Isabella Stewart Gardner Museum Robbery
The first task was to determine what had happened. Had the missing guards been taken hostage? Were they somewhere in the building — dead or alive? Were thieves still in the museum? Might there be a bomb hidden somewhere in the galleries?
With guns drawn and the guard supervisor as their guide, police proceeded to the fifth-floor attic and cautiously moved down from floor to floor through each of the galleries. Nearly 30 minutes later they reached the basement and discovered the two young guards. Badly shaken by their ordeal, they were carried outside to ambulances to be treated before they could be questioned.
City and state police joined forces with the FBI. Descriptions of the two thieves flashed across the country. Airport security guards, major seaport authorities, and U.S. Customs agents at the nation’s borders were alerted. Overseas, Scotland Yard and Interpol, the international police organization with branches in 30 countries, were notified.
Acting museum curator Karen Haas had intended to work a few quiet hours on Sunday. Rounding the corner at 8:30 A.M., she was horrified to find Palace Road jammed with police cars and bomb squad trucks. She and Anne Hawley and Lyle Grindle would spend most of Sunday conducting a painstaking search of the galleries to determine which of the Gardner’s 2,000 paintings, sculptures, and other treasures were missing.
That evening Hawley announced the theft consisted of 12 works by Rembrandt, Degas, Manet, Vermeer, and Flinck and the bronze Chinese Shang Dynasty vase. The loss of the bronze eagle atop the Napoleon battleflag would not be noted until later. The value of the stolen art was estimated at $200 million.
For three days the Gardner remained sealed off as FBI specialists dusted for footprints, searched for shreds of clothing or a personal possession that might provide clues. All evidence was sorted, bagged, and flown to the FBI crime laboratories in Washington, D.C. More than 25 FBI agents, including those who specialized in art thefts, were assigned to the case.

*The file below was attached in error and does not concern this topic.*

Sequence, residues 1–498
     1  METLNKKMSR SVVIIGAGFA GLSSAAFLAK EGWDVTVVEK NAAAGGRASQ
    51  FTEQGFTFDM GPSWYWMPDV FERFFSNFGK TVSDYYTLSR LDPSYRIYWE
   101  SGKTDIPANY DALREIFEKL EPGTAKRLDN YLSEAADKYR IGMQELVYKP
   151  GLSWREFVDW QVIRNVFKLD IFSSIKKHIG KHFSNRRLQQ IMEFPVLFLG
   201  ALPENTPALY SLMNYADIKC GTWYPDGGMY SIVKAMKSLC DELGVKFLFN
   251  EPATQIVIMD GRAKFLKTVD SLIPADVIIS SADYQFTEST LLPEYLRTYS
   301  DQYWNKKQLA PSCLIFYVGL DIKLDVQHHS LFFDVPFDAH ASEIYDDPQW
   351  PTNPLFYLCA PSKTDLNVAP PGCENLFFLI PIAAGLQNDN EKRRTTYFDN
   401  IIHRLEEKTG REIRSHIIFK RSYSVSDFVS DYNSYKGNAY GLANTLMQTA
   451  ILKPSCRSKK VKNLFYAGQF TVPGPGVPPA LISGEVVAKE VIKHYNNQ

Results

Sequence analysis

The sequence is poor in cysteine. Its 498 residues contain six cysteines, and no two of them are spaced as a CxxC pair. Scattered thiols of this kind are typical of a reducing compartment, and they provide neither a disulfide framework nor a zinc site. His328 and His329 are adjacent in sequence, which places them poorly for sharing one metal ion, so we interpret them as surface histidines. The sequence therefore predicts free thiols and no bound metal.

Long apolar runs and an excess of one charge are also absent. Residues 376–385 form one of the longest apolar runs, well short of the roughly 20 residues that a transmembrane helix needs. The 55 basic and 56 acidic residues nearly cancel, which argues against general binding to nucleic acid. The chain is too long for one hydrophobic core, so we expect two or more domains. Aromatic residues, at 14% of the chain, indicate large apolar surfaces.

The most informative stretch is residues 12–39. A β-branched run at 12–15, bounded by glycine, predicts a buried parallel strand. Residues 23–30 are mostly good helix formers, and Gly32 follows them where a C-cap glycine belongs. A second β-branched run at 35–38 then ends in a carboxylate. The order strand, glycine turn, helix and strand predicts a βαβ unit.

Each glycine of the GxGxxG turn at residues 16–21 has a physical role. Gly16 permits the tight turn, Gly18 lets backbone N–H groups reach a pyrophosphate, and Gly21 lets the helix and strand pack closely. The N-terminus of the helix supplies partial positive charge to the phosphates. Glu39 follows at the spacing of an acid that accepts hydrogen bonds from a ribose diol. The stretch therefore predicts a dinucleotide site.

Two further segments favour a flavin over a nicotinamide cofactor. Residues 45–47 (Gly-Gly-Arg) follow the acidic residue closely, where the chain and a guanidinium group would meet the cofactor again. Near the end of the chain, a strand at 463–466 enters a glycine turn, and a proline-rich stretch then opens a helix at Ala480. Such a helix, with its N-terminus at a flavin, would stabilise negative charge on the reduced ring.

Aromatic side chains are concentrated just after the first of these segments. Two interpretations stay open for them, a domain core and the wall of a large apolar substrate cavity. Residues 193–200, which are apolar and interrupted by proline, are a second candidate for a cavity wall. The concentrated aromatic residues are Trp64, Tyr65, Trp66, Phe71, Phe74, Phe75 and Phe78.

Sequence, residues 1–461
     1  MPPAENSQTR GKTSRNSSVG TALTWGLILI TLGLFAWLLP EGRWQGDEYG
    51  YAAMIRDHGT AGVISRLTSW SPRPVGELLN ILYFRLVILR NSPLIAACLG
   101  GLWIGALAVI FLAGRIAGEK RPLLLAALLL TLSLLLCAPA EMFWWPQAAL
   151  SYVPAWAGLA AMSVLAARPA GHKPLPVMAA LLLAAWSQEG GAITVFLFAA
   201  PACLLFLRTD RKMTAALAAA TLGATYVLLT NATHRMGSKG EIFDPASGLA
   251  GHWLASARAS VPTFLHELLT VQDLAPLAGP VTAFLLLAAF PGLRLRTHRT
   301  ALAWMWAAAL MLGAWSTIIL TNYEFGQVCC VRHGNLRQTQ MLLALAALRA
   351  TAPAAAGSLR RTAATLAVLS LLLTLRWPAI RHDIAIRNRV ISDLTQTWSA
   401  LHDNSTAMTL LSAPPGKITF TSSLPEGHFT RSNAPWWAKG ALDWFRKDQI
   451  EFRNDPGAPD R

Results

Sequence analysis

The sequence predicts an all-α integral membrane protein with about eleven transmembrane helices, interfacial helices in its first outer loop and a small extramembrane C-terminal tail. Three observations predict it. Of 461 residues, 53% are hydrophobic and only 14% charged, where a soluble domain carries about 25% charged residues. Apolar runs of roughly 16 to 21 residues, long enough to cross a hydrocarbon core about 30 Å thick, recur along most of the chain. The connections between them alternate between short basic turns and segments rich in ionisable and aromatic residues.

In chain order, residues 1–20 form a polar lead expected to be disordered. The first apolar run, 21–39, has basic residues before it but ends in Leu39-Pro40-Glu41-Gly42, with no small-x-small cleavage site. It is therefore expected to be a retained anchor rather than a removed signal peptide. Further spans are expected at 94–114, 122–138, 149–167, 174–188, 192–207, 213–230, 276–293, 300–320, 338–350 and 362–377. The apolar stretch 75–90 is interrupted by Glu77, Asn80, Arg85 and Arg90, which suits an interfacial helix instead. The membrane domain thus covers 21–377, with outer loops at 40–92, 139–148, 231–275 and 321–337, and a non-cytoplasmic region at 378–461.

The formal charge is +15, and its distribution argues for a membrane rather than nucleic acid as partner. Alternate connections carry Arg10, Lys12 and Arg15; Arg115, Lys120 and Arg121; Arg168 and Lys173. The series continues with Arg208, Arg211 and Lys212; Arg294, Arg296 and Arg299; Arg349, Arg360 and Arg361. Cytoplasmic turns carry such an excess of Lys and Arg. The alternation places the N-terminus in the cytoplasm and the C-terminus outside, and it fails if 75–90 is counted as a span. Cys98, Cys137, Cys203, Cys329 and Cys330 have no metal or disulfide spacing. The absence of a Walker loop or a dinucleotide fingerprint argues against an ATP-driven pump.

The museum had no theft insurance. Not only would the premiums have been prohibitively high, Hawley explained, but Mrs. Gardner’s will prohibited the museum from acquiring replacements for any stolen paintings. Two noted art auction houses, Sotheby’s and Christie’s, joined with private corporations in offering a reward of $1 million for information leading to the safe return of the missing art. Hundreds of tips poured into the police and FBI offices from the public, art dealers, and prison inmates seeking to trade information for reduced sentences and paroles.
While curators and art lovers anguished over the loss of some of the world’s most precious paintings, shock waves from the theft reverberated around the world. “So much art theft is kept quiet,” says Joan Norris, the museum spokeswoman. “This theft stripped the silence away.”
According to Constance Lowenthal, executive director of the International Foundation for Art Research, a nonprofit organization that keeps record of stolen works, “Art theft is a $2-billion-dollar-a-year business in the form of burglaries, gallery thefts, and the looting of archeological sites.”
In the underworld, art has joined drugs, gold, and diamonds as valuable collateral for deals and payoffs. Enormously wealthy South American drug barons pay any price for works of art to hang in their palatial villas. In Europe, the Middle East, and Japan, private collectors pay huge sums for art works without asking where they came from. In Japan, for example, art collectors are entitled to keep any art works that they have owned for more than two years and did not know were stolen.